public_folderis not set, Netlify CMS will default to the same value as
media_folder, adding an opening / if one is not included.
Next comes the tricky part of the configurations….
Step 3. Specifying collections in config.yml file
Collections define the structure for the different content types on your static site. Since every site is different, the
collections settings will be very different from one site to the next.
I wanted my website to have these options while creating a post:
Title, Publish Date, Draft, Categories, Tags, Keywords, Auto Thumbnail Image Option, Thumbnail Image, Cover Image and Body
If you wish to have the same for your website then proceed further otherwise visit the Netlify CMS docs for
Collectionson [this link](https://www.netlifycms.org/docs/add-to-your-site/#collections). There you will find all the explanation and stuff for this step.
Enter these lines to your code in the
Step 4. Setup on Netlify
Before we push our code to GitHub and Netlify we need to make another configuration. We need to specify the Hugo Version which should be used by Netlify to generate the website. To do so, at the root of your website’s create a new file named
netlify.toml with content:
Upload all the code of your website on a repository on GitHub.
Login to your Netlify Account. Click on
New Site from Git. Now choose GitHub. Netlify will now ask for permission, allow by clicking on
Authorize Application. On the next screen choose the repository to which you uploaded the code of your website. On the next screen you will see something like this:
hugo in the
Build command field. For the
Publish directory field you need to know where Hugo build and saves your website, the default is
public/, write the location in this field. Click
Deploy site. Netlify will publish the contents of the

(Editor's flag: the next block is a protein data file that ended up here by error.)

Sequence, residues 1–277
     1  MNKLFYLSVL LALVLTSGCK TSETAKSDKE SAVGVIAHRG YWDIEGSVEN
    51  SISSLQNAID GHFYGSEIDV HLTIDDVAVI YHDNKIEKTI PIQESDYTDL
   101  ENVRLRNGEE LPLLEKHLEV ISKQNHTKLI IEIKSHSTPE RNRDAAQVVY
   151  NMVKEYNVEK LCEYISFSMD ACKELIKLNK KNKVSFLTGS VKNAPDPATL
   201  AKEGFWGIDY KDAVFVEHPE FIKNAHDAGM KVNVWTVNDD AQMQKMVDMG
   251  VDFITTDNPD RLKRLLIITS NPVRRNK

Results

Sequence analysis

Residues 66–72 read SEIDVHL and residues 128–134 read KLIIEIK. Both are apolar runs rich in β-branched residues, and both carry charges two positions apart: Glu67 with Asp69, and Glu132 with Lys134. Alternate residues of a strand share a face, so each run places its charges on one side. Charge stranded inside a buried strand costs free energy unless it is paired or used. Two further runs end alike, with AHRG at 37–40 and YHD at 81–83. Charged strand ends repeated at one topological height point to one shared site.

Publish directory online after executing the
The website has now been setup on Netlify.
You may configure your Netlify website further by viewing the Netlify docs.
Step 5. Enable Identity and Git Gateway
For this step please follow the steps described in this guide.
Step 6. Add the Netlify Identity Widget
Use the Netlify’s snippet injection feature and add this code before
Add this before
The guide for using this feature is available here.
Step 7. Accessing the CMS
You might have receieved an email saying “You’ve been invited to join
xyz” from the email:
firstname.lastname@example.org. If you did not receive the email then you need to invite yourself to access the CMS.
To do this, select the Identity tab from your site dashboard, and then select the Invite users button. Invited users will receive an email invitation with a confirmation link. Clicking the link will take you to your site with a login prompt.
If you left your site registration open, or for return visits after comfirming an email invitation, you can access your site’s CMS at
So in this guide I have explained you how to setup Netlify CMS on Hugo and host in on Netlify and GitHub.
You can view the code of this whole blog in this GitHub repository.
If you have any queries or suggestions, I will love to hear them in the comments box below.